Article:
Motional Axes Jobs, Puts Driverless Taxi Rollout on Hold

News comes just days after Hyundai Motor Group confirmed a nearly $1 billion investment in Motional

Graham Hope

May 13, 2024

3 Min Read
A Motional robotaxi

Self-driving tech company Motional is cutting jobs and delaying its commercialization plans.

The news was confirmed in a statement from Karl Iagnemma, Motional’s President and CEO, which was published on the firm’s website, after leaked details of internal meetings began to emerge online.

The news comes just a matter of days after South Korea’s Hyundai Motor Group confirmed an investment of nearly $1 billion in Motional – a new injection of $475 million, plus $448 million to effectively buy out previous joint venture partner Aptiv.

Already it would appear that Hyundai is exerting its influence, with Iagnemma’s announcement constituting a major pivot in strategy for Boston-based Motional.

“In collaboration with Motional’s shareholders, we’ve updated our strategic plan to focus resources on the continued development and generalization of our core driverless technology, while de-emphasizing near-term commercial deployments and ancillary activities,” Iagnemma said.

“This updated strategy requires a streamlining of our teams, resulting in a reduction in staff across the business.”

It is unclear at this stage how many jobs will be lost.

Over the past couple of years, Motional has pushed ahead with its plan to establish a commercial self-driving taxi service, chalking up a number of milestones in Las Vegas, Nevada, including night-time operations.

Related:Hyundai to Invest $1B Into Self-Driving Company

Its Hyundai Ioniq 5 autonomous vehicles (AVs) were made available on familiar ride-hailing services, such as Uber – with whom it signed a 10-year-deal – and Lyft, with safety drivers at the wheel and according to Motional more than 100,000 autonomous rides have been delivered.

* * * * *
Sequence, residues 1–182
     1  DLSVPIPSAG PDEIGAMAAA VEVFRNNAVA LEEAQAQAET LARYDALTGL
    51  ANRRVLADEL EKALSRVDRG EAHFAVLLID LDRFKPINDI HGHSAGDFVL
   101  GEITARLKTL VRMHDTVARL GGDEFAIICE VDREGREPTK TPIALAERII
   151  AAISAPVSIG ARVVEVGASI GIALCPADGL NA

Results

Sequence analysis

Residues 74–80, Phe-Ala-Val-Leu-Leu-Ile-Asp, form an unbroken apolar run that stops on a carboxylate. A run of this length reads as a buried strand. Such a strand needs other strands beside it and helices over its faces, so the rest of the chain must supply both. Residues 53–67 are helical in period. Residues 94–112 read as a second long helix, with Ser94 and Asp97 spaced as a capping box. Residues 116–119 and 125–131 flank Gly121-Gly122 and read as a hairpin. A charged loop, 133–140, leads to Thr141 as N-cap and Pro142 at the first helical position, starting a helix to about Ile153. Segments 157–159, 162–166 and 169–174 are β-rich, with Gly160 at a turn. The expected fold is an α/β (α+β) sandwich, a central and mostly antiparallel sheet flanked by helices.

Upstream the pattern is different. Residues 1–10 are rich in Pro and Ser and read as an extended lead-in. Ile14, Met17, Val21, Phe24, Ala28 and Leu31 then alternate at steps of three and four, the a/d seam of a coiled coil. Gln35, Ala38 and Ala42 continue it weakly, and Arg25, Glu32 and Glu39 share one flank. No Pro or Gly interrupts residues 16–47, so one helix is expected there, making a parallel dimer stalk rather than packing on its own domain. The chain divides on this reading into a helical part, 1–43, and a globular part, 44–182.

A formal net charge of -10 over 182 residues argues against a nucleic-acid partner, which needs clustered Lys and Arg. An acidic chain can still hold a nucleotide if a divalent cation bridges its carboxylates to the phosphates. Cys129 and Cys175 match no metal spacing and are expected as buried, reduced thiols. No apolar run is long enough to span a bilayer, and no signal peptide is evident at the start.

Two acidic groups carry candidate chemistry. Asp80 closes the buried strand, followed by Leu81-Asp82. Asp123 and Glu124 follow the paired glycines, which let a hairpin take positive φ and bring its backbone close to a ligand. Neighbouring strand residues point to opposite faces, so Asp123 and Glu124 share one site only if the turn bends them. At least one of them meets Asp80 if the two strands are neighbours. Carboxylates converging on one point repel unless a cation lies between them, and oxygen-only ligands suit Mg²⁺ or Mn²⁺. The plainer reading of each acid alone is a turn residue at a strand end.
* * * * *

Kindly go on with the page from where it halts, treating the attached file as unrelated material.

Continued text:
Ultimately its goal had been to launch a driverless service in 2024, but that plan is now on the back burner and Motional is also pulling the plug on its autonomous food delivery program with Uber Eats in Santa Monica, California.

As we have heard before in the AV industry, the combination of a massively complex technical challenge and a very slow road to profitability has prompted the rethink.

Iagnemma explained: “Large-scale driverless deployment will not happen overnight. Driverless vehicles will enter the market when the technology has evolved, and – just as importantly – when the business case for autonomous deployment is clear. 

“While we’re excited by our pace of technical progress, and our initial commercial deployments have yielded valuable insights, large-scale deployment of AVs remains a goal for the future, not the present.”

In the short term, the renewed focus on Motional’s “core” technology is likely to mean even more extensive testing, possibly in different locations. 

Related:Motional Robotaxis to Offer Night Rides in Vegas

Iagnemma insisted the outlook was still positive, claiming the recent funding round demonstrated Hyundai’s confidence “in Motional’s ability to capitalize on the tremendous market opportunity enabled by autonomy.”

About the Author(s)

Graham Hope

Graham Hope has worked in automotive journalism in the U.K. for 26 years, including spells as editor of leading consumer news website and weekly Auto Express and respected buying guide CarBuyer.

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